A Comparison of Live Counseling with a Web-Based Lifestyle and Medication Intervention to Reduce Coronary Risk A Randomized Clinical Trial
Published Date:Jul 2014
Source:JAMA Intern Med. 174(7):1144-1157.
Pubmed Central ID:PMC4142754
Funding:1U48DP002658/DP/NCCDPHP CDC HHS/United States
P30 DK056350/DK/NIDDK NIH HHS/United States
P30 DK093002/DK/NIDDK NIH HHS/United States
P30DK056350/DK/NIDDK NIH HHS/United States
U48/DP001944/DP/NCCDPHP CDC HHS/United States
UL1 TR001111/TR/NCATS NIH HHS/United States
Most primary care clinicians lack the skills and resources to offer effective lifestyle and medication counseling to reduce coronary heart disease (CHD) risk. Thus, effective and feasible CHD prevention programs are needed for typical practice settings.
To assess the effectiveness, acceptability, and cost-effectiveness of a combined lifestyle and medication intervention to reduce CHD risk offered in counselor-delivered and web-based formats.
Comparative effectiveness trial.
Five diverse family medicine practices in North Carolina.
Established patients, age 35–79, with no known cardiovascular disease, and at moderate to high risk for CHD -- 10 year Framingham Risk Score (FRS) ≥ 10%.
Participants were randomized to counselor-delivered or web-based format, each including 4 intensive and 3 maintenance sessions. After randomization, both formats utilized a web-based decision aid showing potential CHD risk reduction associated with lifestyle and medication risk reducing strategies. Participants chose the risk reducing strategies they wished to follow.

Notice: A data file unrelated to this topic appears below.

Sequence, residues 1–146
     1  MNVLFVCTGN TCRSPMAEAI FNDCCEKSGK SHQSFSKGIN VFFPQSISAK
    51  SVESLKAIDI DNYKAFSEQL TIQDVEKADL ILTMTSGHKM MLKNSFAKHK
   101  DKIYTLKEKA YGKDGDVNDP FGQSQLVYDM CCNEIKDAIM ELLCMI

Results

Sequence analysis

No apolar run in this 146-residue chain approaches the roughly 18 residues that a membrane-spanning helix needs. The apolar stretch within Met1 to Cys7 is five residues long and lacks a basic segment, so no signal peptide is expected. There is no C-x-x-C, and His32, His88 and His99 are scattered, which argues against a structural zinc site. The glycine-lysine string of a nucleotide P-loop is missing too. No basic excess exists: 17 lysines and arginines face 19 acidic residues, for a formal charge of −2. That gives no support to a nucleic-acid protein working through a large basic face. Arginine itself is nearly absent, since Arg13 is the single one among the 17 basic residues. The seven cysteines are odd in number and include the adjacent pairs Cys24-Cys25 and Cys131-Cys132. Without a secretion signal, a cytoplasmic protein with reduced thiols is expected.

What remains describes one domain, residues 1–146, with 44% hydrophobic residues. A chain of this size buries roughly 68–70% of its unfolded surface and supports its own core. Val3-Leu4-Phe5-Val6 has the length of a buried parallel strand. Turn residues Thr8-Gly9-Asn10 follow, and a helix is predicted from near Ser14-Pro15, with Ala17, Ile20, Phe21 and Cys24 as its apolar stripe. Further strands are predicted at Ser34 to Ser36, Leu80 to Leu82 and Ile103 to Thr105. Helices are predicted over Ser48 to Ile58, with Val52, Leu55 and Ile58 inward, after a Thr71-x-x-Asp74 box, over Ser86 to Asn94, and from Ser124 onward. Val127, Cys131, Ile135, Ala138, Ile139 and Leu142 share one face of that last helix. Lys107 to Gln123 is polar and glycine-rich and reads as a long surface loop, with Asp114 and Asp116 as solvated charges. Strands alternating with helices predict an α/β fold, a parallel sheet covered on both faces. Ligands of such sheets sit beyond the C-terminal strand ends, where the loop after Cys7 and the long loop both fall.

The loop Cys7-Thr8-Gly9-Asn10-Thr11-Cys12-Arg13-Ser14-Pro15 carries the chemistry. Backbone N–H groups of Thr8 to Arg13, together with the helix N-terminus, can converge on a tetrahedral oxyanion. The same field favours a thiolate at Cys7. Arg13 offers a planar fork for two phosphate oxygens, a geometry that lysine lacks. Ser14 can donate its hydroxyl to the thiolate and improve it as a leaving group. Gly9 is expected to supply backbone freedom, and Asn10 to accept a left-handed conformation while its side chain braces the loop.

Main Outcome and Measures
Outcomes were assessed at 4 and 12 months; the primary outcome was within group change in FRS at 4 month follow-up. Other measures included standardized assessments of blood pressure, blood lipids, lifestyle behaviors, and medication adherence. Acceptability and cost-effectiveness were also assessed.
Of 2,274 screened patients, 385 were randomized (192 counselor; 193 web): mean age 62 years, 24% African American, and mean FRS 16.9%. Follow-up at 4 and 12 months was 91% and 87%, respectively. There was a sustained reduction in FRS at both 4 (primary outcome) and 12 month follow-up: for counselor, −2.3% (95% CI: −3.0% to −1.6%) and −1.9% (−2.8% to −1.1%) and for web, −1.5% (−2.2% to −0.9%) and −1.7%, (−2.6% to −0.8%) respectively. At 4 month follow-up, the adjusted difference in FRS between groups was −1.0% (95% CI −1.8% to −0.1%, p = 0.03) at 12 month follow-up, it was −0.6% (95% CI, −1.7% to 0.5%, p = 0.30). The 12 month costs from the payer perspective were $207 and $110 per person for the counselor and web interventions respectively.
Conclusions and Relevance
Both intervention formats reduced CHD risk through 12 month follow-up. The web format was less expensive.
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